From 3M Health Information Systems
Identify health care quality with the SDoH screening tool
One of the most important ways that identifying social determinants of health (SDoH) can improve health care is by improving access to care. Individuals who live in poverty, have low education levels, or are living in rural areas are often more likely to have limited access to health care. This can lead to worse health outcomes, as people who lack access to care are less likely to get treatment for chronic conditions.
The consensus among physicians serving low-income communities that patients’ social needs are as important as their medical conditions signifies a pivotal shift toward a more holistic approach to health care.
Addressing SDoH alongside medical conditions can lead to better health outcomes, reduced health disparities, and increased patient trust engagement. To achieve this vision of comprehensive care, collaboration between health care providers, policy makers, and community organizations is vital in creating positive change for patients in low-income communities.
Defining the SDoH screening tool
The Centers for Medicare & Medicaid Services (CMS) and other organizations have developed several resources to help health care providers address SDoH. One of the main resources is the SDoH screening tool.
The SDoH screening tool is a brief questionnaire that assists health care providers in identifying patients who may be experiencing social or economic challenges that could impact their health. The tool asks questions about patient’s housing, food security, transportation, access to health care and other factors, according to CMS. An example of the SDoH screening tool can be viewed here.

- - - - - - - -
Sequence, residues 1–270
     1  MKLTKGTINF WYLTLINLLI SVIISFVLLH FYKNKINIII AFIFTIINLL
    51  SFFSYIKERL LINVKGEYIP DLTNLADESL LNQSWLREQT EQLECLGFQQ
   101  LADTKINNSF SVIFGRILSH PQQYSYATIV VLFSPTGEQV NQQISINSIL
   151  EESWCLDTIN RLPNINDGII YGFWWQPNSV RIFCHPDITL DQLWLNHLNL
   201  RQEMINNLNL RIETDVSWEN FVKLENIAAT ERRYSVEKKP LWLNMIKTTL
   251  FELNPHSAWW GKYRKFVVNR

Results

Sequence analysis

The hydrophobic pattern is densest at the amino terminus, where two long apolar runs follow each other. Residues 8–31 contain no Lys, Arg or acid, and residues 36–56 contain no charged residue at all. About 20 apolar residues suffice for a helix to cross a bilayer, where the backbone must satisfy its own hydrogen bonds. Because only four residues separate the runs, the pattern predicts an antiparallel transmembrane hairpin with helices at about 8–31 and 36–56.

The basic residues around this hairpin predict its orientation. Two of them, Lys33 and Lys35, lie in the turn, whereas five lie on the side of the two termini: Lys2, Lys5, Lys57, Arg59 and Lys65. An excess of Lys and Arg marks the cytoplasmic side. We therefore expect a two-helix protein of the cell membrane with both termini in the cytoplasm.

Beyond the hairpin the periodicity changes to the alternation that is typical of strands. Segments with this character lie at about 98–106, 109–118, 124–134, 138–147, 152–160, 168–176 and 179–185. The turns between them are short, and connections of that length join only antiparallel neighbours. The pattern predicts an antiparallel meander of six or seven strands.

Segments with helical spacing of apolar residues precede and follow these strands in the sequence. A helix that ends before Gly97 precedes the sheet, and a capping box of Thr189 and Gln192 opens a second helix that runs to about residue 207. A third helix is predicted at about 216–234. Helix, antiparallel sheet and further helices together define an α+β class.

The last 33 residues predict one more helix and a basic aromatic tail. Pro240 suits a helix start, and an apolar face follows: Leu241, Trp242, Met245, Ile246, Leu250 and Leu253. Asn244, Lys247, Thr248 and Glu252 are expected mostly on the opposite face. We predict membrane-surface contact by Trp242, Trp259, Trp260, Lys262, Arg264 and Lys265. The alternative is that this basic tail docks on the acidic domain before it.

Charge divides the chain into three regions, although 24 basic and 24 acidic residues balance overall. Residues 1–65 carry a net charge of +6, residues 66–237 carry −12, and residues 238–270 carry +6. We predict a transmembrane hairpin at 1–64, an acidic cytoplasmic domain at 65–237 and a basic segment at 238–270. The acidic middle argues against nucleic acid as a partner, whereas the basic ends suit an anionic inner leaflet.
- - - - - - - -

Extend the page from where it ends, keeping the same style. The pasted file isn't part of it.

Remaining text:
The SDoH screening tool has been effective in identifying patients who are at risk for poor health outcomes. A 2020 study of the tool used in primary care settings found that it identified 30 percent of patients were experiencing social or economic challenges.
These patients were more likely to have chronic health conditions and less likely to have access to health care. The tool, when used in a community health center, found that patients who were screened for SDoH were more likely to receive preventative care and treatment for chronic health conditions, which resulted in a decrease in hospitalizations.
Read the complete article on JustCoding.
Joscelyn Thomas is a clinical development analyst for 3M Health Information Systems.